A government think tank is urging Chinese leaders to start phasing out China's one-child policy immediately and allow two children for every family by 2015, a daring proposal to do away with the unpopular policy.
A government think tank is urging Chinese leaders to start phasing out China’s one-child policy immediately and allow two children for every family by 2015, a daring proposal to do away with the unpopular policy.
Some demographers see the timeline put forward by the China Development Research Foundation as a bold move by the body close to the central leadership. Others warn that the gradual approach, if implemented, would still be insufficient to help correct the problems that China’s strict birth limits have created.
Xie Meng, a press affairs official with the foundation, said the final version of the report will be released “in a week or two.” But Chinese state media have been given advance copies. The official Xinhua News Agency said the foundation recommends a two-child policy in some provinces from this year and a nationwide two-child policy by 2015. It proposes all birth limits be dropped by 2020, Xinhua reported.
“China has paid a huge political and social cost for the policy, as it has resulted in social conflict, high administrative costs and led indirectly to a long-term gender imbalance at birth,” Xinhua said, citing the report.
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But it remains unclear whether Chinese leaders are ready to take up the recommendations. China’s National Population and Family Planning Commission had no immediate comment on the report Wednesday.
Known to many as the one-child policy, China’s actual rules are more complicated. The government limits most urban couples to one child, and allows two children for rural families if their firstborn is a girl. Numerous other exceptions include looser rules for minority families and a two-child limit for parents who are themselves both singletons.
Cai Yong, an assistant professor of sociology at the University of North Carolina, Chapel Hill, said the report holds extra weight because the think tank is under the State Council, China’s Cabinet. He said he found it remarkable that state-backed demographers were willing to publicly propose such a detailed schedule and plan on how to get rid of China’s birth limits.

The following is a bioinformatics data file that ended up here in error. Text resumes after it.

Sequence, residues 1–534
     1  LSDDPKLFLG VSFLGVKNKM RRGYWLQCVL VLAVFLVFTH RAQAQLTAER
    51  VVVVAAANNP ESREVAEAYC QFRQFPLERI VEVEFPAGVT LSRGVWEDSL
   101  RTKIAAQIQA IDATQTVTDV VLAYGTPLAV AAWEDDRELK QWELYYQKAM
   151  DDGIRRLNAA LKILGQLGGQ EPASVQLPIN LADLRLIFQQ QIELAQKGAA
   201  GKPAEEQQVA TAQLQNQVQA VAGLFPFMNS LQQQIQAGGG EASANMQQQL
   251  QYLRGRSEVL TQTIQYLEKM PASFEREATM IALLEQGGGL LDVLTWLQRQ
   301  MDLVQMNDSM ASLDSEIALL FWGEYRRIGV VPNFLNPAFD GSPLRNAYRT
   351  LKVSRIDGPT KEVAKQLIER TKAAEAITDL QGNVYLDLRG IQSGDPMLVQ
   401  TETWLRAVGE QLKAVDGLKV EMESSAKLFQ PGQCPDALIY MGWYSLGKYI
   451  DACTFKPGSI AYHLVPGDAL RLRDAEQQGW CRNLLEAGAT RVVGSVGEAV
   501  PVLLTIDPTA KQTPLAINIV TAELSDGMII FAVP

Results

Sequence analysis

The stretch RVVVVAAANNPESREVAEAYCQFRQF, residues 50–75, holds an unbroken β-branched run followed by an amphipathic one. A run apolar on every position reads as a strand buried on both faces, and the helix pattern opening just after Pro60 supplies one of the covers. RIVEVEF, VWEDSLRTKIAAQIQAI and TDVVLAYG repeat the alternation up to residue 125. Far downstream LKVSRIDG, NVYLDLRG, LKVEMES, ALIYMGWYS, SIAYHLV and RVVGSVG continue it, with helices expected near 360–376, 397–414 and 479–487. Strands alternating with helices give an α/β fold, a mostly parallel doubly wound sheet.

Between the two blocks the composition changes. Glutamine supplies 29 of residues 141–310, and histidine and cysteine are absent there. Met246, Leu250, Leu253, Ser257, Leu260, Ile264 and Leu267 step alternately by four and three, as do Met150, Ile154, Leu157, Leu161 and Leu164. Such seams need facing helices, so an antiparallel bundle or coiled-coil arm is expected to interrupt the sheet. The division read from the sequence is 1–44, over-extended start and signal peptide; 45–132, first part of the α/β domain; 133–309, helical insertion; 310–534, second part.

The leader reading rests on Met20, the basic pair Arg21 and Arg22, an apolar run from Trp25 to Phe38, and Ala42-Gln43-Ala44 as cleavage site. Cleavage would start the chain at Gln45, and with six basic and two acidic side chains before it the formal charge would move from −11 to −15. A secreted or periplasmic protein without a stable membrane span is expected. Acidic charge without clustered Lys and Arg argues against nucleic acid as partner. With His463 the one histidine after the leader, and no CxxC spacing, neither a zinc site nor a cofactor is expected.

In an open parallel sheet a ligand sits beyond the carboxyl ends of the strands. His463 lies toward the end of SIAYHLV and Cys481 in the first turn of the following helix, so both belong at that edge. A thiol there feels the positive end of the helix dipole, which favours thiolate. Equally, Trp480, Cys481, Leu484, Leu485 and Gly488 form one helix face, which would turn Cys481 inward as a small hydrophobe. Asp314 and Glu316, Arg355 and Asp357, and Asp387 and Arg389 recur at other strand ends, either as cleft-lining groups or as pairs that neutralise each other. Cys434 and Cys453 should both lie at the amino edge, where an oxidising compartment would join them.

“That tells us at least that policy change is inevitable, it’s coming,” said Cai, who was not involved in the drafting of the report but knows many of the experts who were. Cai is a visiting scholar at Fudan University in Shanghai. “It’s coming, but we cannot predict when exactly it will come.”
Adding to the uncertainty is a once-in-a-decade leadership transition that starts Nov. 8 and will see a new slate of top leaders installed by next spring. Cai said the transition could keep population reform on the back burner or changes might be rushed through to help burnish the reputations of President Hu Jintao and Premier Wen Jiabao on their way out.
There has been growing speculation among Chinese media, experts and ordinary people about whether the government will soon relax the one-child policy – introduced in 1980 as a temporary measure to curb surging population growth – and allow more people to have two children.
Though the government credits the policy with preventing hundreds of millions of births and helping lift countless families out of poverty, it is reviled by many ordinary people. The strict limits have led to forced abortions and sterilizations, even though such measures are illegal. Couples who flout the rules face hefty fines, seizure of their property and loss of their jobs.
Many demographers argue that the policy has worsened the country’s aging crisis by limiting the size of the young labor pool that must support the large baby boom generation as it retires. They say it has contributed to the imbalanced sex ratio by encouraging families to abort baby girls, preferring to try for a male heir.
The government recognizes those problems and has tried to address them by boosting social services for the elderly. It has also banned sex-selective abortion and rewarded rural families whose only child is a girl.
Many today also see the birth limits as outdated, a relic of the era when housing, jobs and food were provided by the state.
“It has been thirty years since our planned economy was liberalized,” commented Wang Yi, the owner of a shop that sells textiles online, under a news report on the foundation’s proposal. “So why do we still have to plan our population?”
Though open debate about the policy has flourished in state media and on the Internet, leaders have so far expressed a desire to maintain the status quo. President Hu said last year that China would keep its strict family planning policy to keep the birth rate low and other officials have said that no changes are expected until at least 2015.
Wang Feng, director of the Brookings-Tsinghua Center for Public Policy and an expert on China’s demographics, contributed research material to the foundation’s report but has yet to see the full text. He said he welcomed the gist of the document that he’s seen in state media.
It says the government “should return the rights of reproduction to the people,” he said. “That’s very bold.”
Gu Baochang, a professor of demography at Beijing’s Renmin University and a vocal advocate of reform, said the proposed timeline wasn’t aggressive enough.
“They should have reformed this policy ages ago,” he said. “It just keeps getting held up, delayed.”
Associated Press researcher Flora Ji contributed to this report.
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